Lady Kenmure was one of the Campbells of Argyll, a family distinguished for the depth of their piety, their public spirit, and their love for the Presbyterian polity; and Lady Jane was one of the most richly-gifted members of that richly-gifted house. But, with all that, Lady Jane Campbell had her own crosses to carry. She had the sore cross of bad health to carry all her days. Then she had the sad misfortune to make a very bad marriage in the morning of her days; and, partly as the result of all that, and partly because of her peculiar mental constitution, her whole life was drenched with a deep melancholy. But, as we are told in John Howie and elsewhere, all these evils and misfortunes were made to work together for good to her through the special grace of God, and through the wise and wistful care of her lifelong friend and minister and correspondent, Samuel Rutherford. Lady Jane Campbell had very remarkable gifts of mind. We would have expected that from her distinguished pedigree; and we have abundant proof of that in Rutherford’s sheaf of letters to her. His dedication of that most remarkable piece, The Trial and Triumph of Faith, is sufficient of itself to show how highly Rutherford esteemed Lady Kenmure, both as to her head and her heart. Till our theological students have been led to study The Trial and Triumph of Faith: Christ Dying and Drawing Sinners to Himself—which, to my mind, is by far the best of Rutherford’s works—The Covenant of Grace and The Influences of Grace, they will have no conception of the intellectual rank of Samuel Rutherford himself, or of the intelligence and the attainments of his hearers and readers and correspondents. Thomas Goodwin was always telling the theological students of Oxford in those days to thicken their too thin homilies with more doctrine: Rutherford’s very thinnest books are almost too thick, both with theology and with thought.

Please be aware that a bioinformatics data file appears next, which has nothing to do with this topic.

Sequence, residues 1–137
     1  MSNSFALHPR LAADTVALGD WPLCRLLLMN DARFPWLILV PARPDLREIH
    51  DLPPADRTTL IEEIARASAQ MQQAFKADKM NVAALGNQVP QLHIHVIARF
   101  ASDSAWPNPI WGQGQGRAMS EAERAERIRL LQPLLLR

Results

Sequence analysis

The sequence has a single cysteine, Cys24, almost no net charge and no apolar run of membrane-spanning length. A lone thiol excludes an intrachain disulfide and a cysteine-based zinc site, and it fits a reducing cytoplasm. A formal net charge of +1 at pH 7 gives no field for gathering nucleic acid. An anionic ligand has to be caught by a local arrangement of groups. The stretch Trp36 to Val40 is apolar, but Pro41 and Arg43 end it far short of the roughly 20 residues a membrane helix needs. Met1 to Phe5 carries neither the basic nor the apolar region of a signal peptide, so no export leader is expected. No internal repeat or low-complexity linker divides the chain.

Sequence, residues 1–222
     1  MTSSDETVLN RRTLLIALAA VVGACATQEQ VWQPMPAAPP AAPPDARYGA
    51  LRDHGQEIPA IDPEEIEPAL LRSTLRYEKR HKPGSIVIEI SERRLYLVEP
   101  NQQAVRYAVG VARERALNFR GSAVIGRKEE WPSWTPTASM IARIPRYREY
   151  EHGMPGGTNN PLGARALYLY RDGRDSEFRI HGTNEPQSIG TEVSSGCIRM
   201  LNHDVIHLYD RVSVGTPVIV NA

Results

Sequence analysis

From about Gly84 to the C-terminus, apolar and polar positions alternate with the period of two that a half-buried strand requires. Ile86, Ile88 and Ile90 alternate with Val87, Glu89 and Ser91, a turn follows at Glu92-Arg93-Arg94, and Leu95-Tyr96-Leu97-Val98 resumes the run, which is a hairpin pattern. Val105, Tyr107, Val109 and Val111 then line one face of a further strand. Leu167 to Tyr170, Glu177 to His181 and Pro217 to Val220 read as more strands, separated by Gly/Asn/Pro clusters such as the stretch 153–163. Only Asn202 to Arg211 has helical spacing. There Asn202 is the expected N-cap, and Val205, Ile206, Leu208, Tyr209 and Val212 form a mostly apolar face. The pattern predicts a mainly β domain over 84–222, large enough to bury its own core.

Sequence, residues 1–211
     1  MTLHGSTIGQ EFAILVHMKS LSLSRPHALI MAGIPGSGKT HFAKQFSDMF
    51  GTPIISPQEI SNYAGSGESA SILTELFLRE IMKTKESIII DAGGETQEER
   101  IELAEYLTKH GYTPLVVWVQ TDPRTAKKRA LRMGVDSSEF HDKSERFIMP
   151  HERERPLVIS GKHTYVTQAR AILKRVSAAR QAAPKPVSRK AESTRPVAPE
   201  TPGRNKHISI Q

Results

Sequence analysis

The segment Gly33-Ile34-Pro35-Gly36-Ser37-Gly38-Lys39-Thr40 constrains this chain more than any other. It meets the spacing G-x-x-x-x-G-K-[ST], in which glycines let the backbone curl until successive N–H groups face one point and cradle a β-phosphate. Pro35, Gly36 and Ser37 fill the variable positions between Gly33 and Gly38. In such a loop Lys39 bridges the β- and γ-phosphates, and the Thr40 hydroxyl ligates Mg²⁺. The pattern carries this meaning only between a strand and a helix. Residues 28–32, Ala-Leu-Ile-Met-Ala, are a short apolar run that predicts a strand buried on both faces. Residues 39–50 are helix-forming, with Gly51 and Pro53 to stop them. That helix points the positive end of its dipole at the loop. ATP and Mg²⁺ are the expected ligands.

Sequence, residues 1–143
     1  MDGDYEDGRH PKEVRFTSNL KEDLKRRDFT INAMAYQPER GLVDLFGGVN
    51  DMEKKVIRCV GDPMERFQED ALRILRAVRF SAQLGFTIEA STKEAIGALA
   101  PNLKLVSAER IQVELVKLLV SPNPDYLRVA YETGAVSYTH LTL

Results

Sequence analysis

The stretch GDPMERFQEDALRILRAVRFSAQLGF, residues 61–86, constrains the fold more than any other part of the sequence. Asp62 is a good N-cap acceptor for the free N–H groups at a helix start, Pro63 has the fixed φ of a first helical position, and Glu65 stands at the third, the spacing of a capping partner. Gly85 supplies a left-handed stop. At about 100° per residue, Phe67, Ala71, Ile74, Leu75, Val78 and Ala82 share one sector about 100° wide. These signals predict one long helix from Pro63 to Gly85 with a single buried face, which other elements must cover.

How ever a woman like Jane Campbell came to marry a man like John Gordon will remain a mystery. It was not that he was a man of no mind; he was a man of no worth or interest of any kind. He was a rake and a lick-spittle, the very last man in Scotland for Jane Campbell to throw herself away upon. And she was too clever and too good a woman not to make a speedy and a heart-breaking discovery of the fatal mistake she had committed. Poor Jane Campbell soon wakened up to the discovery that she had exchanged the name and the family of a brave and noble house for the name and the house of a poltroon. No wonder that Rutherford’s letters to her are so often headed: ’To Lady Kenmure, under illness and depression of mind.’ Could you have kept quite well had you been a Campbell with John Gordon for a husband? Think of having to nurse your humbug of a husband through a shammed illness. Think of having to take a hand in sending in a sham doctor’s certificate because your husband was too much of a time-server to go to Edinburgh to give